After that, there’s the 5 to 5.5 inch size, which is the normal flagship area for most people, including the Samsung Galaxy S5, HTC One M8, Sony Xperia Z3, and LG G3.

And then there are those phablets, with sizes ranging from 5.5 inches to 6 inches, and even higher, and while not everyone likes them, we see so many Samsung Galaxy Note devices, we’re not surprised Apple finally bit the bullet and dove in.

All of these sizes change the hardware, and they change batteries too.

But they also change how they work in your pocket and carrying luggage, so if you can — in store — ask the shop attendant if you can walk around with a dummy phone.

If they have some, great, because you can see roughly what the phone will do to your pants when you walk around with it inside, or when you sit, or when you reach into your handbag and go looking for the handset.

These are important factors, and reviewers tend to destroy clothes testing these new devices, so why should you?

See the outlines? And the holes? That's what a phone can do to pants.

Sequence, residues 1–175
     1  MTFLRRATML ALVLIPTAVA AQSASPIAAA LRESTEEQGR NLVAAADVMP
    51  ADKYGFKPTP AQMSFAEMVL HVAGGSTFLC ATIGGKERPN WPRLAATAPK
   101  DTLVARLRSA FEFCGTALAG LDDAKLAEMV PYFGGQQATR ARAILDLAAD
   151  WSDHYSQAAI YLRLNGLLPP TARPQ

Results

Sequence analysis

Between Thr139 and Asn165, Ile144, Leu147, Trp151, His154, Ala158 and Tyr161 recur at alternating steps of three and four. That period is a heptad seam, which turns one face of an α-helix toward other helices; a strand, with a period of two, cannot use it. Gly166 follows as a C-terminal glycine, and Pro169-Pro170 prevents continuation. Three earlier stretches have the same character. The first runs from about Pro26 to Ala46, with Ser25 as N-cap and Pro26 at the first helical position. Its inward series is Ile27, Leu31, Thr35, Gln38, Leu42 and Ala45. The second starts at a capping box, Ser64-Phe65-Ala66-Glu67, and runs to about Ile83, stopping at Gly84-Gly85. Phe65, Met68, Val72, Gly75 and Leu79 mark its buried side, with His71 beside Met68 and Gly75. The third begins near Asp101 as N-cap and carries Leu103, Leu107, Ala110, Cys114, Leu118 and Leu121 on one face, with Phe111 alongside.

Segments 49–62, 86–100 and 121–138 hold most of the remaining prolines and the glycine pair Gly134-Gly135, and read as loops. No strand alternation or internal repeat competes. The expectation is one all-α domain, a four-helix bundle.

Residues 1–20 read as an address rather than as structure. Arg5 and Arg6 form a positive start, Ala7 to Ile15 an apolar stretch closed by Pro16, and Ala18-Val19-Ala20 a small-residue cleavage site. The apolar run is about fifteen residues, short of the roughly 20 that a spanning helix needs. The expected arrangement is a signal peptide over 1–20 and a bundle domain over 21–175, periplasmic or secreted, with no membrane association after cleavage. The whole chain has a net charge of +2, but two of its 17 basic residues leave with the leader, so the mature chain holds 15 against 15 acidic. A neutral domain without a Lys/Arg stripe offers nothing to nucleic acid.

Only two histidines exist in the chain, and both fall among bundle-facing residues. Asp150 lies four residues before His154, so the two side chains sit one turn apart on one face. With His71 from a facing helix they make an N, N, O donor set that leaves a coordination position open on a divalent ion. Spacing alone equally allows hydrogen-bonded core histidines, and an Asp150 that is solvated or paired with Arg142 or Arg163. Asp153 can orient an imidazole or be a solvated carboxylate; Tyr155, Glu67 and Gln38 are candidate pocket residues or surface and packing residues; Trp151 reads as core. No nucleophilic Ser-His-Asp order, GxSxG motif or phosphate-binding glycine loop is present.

Once you’ve found three phones you like, don’t feel like you have to make a commitment to purchasing that very moment. That’s what shop people want you to do.

There’s something so powerful about the instant satisfaction consumers get from retail therapy, but you should be smart about a phone you’re likely going to have to use for a year or two, so now it’s time to move onto the next phase, because those deals will be there when you get back, and they might even be better.

Research, research, research

With three phones in mind, it’s time to do some research.

You can go home and use your computer, or you can go to a café and research on your current phone, just make sure you do some research, because it is the reason companies like GadgetGuy do what we do: to arm you with information that you can use to help you make a decision.

To find out about a phone, you merely have to type the phone’s name and the word “review” into Google. If you can switch to Google Australia or add the country “Australia” to your search, even better, not just because it gives Aussie reviewers a fighting chance, but because there are differences between overseas and Australian phones.